Architecture | Photo Essay | Religion

Open Houses of Worship

Eight places of worship around the South Side, viewed during the Chicago Architecture Center's annual Open House Chicago

St. Mary of Perpetual Help, 1039 W. 32nd St. (Bridget Vaughn)

St. Mary of Perpetual Help, 1039 W. 32nd St. (Bridget Vaughn)

St. Mary of Perpetual Help, 1039 W. 32nd St. (Bridget Vaughn)

St. Mary of Perpetual Help, 1039 W. 32nd St.

With its distinctive verdigris dome visible throughout much of Bridgeport, one could say that St. Mary of Perpetual Help serves as an unofficial symbol of the neighborhood. It’s fitting—the parish was opened in 1880 to serve Polish workers at the Union Stockyards just to the south—and we’d be hard-pressed to name a more beautiful building in the immediate area (though the Ling Shen Ching Tze Buddhist Temple down the street comes close). (Sam Stecklow)

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The Givins Castle/Beverly Unitarian Church, 10255 S. Seeley Ave. (Bridget Vaughn)

The Givins Castle/Beverly Unitarian Church, 10255 S. Seeley Ave. (Bridget Vaughn)

The Givins Castle/Beverly Unitarian Church, 10255 S. Seeley Ave.

Billed as “Chicago’s only castle,” this fortress built of limestone—from Joliet!—really does look like a castle with its two large turrets and prominent crenellations. Erected in 1887 by a real estate developer, it was bought by the Unitarian Church in 1942. Now, in addition to a congregation, it serves preschoolers from Beverly and surrounding environs at the Beverly Castle Academy—which, naturally, has its own castle-like playground. (Christian Belanger)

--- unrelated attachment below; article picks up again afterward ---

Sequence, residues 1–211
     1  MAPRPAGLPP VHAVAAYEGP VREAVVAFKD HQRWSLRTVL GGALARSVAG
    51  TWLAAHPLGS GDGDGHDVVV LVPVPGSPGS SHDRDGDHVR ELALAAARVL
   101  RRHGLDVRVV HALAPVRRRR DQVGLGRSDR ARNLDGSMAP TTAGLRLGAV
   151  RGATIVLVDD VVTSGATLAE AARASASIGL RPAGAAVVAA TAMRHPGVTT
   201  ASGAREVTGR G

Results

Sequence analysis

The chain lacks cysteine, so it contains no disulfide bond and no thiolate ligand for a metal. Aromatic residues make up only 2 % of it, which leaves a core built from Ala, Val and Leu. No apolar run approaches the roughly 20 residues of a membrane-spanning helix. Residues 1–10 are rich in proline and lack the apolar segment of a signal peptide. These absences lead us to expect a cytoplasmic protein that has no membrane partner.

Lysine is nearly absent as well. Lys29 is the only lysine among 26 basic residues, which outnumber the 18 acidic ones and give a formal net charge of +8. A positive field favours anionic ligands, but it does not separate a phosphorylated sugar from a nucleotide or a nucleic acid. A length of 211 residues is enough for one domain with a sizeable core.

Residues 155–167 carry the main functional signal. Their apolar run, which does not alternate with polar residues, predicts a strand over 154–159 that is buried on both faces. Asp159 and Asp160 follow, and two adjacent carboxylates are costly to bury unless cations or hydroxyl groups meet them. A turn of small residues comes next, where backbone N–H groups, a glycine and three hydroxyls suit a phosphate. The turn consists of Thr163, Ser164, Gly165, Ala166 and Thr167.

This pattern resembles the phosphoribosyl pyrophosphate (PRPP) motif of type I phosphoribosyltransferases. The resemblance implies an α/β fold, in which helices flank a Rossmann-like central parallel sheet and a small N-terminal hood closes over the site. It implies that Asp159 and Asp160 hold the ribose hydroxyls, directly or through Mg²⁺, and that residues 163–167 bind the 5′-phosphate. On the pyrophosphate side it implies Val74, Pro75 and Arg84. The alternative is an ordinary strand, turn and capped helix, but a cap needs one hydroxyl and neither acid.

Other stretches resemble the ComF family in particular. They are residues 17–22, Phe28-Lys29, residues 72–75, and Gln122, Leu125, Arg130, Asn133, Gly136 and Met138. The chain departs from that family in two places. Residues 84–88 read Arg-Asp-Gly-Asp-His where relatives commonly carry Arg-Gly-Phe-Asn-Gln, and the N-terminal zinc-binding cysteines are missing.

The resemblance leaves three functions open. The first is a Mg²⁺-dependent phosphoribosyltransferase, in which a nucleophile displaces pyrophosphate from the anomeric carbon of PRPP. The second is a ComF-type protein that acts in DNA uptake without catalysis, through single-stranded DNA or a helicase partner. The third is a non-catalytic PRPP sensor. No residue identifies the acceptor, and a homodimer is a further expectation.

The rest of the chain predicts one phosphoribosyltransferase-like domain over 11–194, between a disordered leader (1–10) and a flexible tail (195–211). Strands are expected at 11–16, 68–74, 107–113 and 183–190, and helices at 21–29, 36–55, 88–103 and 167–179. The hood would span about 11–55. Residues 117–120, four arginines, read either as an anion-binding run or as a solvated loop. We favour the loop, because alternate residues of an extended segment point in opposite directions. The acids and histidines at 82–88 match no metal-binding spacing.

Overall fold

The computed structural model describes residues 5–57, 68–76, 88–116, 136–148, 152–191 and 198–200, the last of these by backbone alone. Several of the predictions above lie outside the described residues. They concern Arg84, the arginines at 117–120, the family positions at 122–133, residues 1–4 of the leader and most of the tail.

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Morgan Park United Methodist Church, 11030 S. Longwood Dr.

Morgan Park United Methodist Church, 11030 S. Longwood Dr. (Bridget Vaughn)

Morgan Park United Methodist Church, 11030 S. Longwood Dr.

For over 130 years, Morgan Park UMC has grown and contracted with the tiny residential Far Southwest Side neighborhood, founded as a village by Protestants and eventually annexed into Chicago as a Catholic neighborhood. As the neighborhood underwent severe changes over the years, the church proclaimed itself to be doors-open to LGBTQ congregants and congregants of color, both as a calling of its ministry and to fill its huge Prairie Style building, designed by original Morgan Park village architect Harry Hale Waterman. (Sam Stecklow)

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Robert F. Carr Memorial Chapel of St. Savior, 65 E. 32nd St. (Bridget Vaughn)

Robert F. Carr Memorial Chapel of St. Savior, 65 E. 32nd St. (Bridget Vaughn)

Robert F. Carr Memorial Chapel of St. Savior, 65 E. 32nd St.